Zoo staff in Dallas, Fort Worth hunker down with animals to keep them fed during ice storm
The Dallas and Fort Worth Zoos may be closed Friday due to icy conditions, but that doesn’t mean staffers get the day off.
Days before major weather events like this week’s winter storm, zoo employees jump into action by checking heating and water systems, salting pathways and corralling animals into indoor enclosures.
“Our nutrition team was working in overdrive preparing diets for all of the animals,” Fort Worth Zoo spokesperson Avery Elander said. “With 7,000 mouths to feed, they certainly have their work cut out for them.”
It’s a little more involved than leaving out extra kibble.
Kerri Slifka, curator of nutrition at the Dallas Zoo, says staffers have stayed at or near the zoo since Wednesday to care for the animals.
“When we know we’re going to get a major storm, there’s usually people staying overnight to keep an eye on heaters and buildings and critical animals,” she said. “Power outages are always a big concern. We just try and stay out of our coolers and freezers as long as possible so we can keep them as cold as possible.”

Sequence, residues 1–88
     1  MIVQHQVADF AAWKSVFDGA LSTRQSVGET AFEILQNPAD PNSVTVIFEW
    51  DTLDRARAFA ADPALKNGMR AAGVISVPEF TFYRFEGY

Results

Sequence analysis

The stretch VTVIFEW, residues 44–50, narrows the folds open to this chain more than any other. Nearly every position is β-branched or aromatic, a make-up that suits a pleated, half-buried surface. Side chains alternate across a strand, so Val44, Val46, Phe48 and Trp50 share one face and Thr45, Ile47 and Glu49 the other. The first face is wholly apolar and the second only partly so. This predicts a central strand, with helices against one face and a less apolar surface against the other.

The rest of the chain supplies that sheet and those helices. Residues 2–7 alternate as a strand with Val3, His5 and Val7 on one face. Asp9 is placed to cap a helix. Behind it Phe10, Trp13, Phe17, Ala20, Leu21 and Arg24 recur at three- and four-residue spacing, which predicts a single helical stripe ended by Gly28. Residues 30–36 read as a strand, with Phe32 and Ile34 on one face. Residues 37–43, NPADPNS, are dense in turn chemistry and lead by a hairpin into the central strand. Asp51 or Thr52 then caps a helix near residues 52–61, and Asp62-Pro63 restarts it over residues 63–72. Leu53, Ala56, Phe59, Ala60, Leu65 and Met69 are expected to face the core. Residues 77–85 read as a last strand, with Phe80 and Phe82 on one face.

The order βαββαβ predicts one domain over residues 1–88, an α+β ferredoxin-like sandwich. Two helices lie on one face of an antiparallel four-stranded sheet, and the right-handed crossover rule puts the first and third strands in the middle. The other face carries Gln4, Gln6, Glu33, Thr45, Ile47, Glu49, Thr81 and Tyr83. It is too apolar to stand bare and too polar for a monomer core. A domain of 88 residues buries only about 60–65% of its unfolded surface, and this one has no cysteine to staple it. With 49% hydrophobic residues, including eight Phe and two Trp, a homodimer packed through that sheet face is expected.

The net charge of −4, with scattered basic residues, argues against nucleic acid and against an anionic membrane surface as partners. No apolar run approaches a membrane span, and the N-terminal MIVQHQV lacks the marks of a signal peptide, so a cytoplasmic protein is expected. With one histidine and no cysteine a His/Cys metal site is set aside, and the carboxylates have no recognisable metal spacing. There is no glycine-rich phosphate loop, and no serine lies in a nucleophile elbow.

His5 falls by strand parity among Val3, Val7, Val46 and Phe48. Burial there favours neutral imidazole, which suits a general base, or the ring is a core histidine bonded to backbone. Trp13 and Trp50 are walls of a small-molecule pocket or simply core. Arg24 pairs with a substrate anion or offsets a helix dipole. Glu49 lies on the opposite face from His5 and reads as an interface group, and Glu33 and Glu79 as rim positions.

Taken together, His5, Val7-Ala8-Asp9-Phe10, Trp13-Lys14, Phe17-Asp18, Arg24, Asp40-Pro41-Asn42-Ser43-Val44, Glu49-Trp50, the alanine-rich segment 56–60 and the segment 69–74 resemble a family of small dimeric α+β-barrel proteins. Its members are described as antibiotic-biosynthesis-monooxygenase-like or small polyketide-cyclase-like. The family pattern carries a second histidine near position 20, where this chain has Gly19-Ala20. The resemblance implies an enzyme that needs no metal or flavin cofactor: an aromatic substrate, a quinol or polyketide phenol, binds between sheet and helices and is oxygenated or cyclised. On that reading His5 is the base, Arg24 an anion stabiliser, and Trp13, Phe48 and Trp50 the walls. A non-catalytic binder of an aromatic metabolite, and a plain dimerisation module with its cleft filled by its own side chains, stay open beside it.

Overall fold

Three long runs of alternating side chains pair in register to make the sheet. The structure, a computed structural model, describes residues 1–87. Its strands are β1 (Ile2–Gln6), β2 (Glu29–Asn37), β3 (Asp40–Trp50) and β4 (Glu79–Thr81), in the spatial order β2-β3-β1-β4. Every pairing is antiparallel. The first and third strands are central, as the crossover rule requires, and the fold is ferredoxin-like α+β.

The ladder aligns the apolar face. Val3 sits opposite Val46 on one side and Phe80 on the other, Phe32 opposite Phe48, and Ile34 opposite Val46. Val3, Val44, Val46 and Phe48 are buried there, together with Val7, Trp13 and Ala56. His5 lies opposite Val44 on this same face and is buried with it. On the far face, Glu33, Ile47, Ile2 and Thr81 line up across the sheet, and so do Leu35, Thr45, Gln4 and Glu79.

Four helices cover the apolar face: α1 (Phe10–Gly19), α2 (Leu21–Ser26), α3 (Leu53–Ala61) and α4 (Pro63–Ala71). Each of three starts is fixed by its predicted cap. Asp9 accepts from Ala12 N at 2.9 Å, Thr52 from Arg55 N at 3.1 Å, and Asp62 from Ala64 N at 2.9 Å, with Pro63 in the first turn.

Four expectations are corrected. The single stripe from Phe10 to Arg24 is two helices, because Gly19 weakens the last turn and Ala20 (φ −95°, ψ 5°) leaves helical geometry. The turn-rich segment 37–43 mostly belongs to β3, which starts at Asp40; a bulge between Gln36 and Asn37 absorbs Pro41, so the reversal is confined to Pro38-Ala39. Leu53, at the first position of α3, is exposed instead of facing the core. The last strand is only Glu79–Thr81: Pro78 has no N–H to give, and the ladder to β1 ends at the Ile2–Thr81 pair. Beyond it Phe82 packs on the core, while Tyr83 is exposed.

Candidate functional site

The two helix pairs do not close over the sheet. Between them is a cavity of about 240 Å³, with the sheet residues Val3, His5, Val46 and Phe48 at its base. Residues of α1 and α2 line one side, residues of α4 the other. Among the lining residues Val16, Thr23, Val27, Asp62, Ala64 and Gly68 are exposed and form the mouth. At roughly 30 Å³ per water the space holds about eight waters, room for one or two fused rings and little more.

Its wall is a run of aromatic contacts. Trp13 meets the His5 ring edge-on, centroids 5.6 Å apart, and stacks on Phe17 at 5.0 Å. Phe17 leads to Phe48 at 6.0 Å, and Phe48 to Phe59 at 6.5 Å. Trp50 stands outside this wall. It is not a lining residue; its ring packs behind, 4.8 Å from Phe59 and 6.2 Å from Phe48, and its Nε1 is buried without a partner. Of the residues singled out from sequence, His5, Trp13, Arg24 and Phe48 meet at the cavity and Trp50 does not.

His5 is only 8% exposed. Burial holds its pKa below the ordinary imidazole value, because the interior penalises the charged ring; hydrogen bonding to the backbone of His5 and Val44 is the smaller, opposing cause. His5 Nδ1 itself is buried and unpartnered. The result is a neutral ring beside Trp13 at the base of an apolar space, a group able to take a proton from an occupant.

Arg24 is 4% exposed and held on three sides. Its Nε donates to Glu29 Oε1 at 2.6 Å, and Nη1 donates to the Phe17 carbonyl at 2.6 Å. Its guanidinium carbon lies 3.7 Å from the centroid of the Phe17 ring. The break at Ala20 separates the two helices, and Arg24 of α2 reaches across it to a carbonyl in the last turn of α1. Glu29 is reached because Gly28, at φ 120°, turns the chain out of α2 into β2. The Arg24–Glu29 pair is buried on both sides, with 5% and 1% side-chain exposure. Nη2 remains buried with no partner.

Due to supply-chain issues related to the pandemic, Slifka’s team already keeps a healthy stockpile of food and other supplies.
“We’ve always got at least a month’s worth of our frozen meat, fish and prey items and at least a month’s worth of our dry feed,” she said.
The snow doesn’t have a major impact on most zoo animals since they are moved into indoor enclosures. The real challenge is transporting supplies.
“Normally, we’re packing all that stuff up and going out in the park in the dark,” Slifka said. “When it comes to storms like this, we shift over to transit vans because it’s too cold to be out in the golf carts, and things will freeze.”
The ice and snow don’t just present challenges for zoo staff. It can also be an enrichment opportunity for some species.
This week, Brazos, a 3-month-old elephant at the Fort Worth Zoo, saw snow for the first time.
“He dipped his trunk into it and kind of tiptoed out and ran back in the barn,” Elander said. “He wasn't too sure what was going on. His mom went out and spent some time outdoors, so he eventually appeared to be brave enough to go outside and walk around with her.”
Species native to Texas like the Fort Worth Zoo's longhorn calf are more inclined to venture outdoors during icy weather.
For animals who cannot be out in the snow too long, Elander says zookeepers bring samples inside.
“One of the rhinos was dipping her horn in it and eating it,” she said. “Our younger male rhino, Crockett, didn’t seem to care for it. He just pecked out his food that the keepers buried in the snow.”
Indifferent rhinos aside, neither zoo has reported major upsets like power outages or facility damage during this week's storm.
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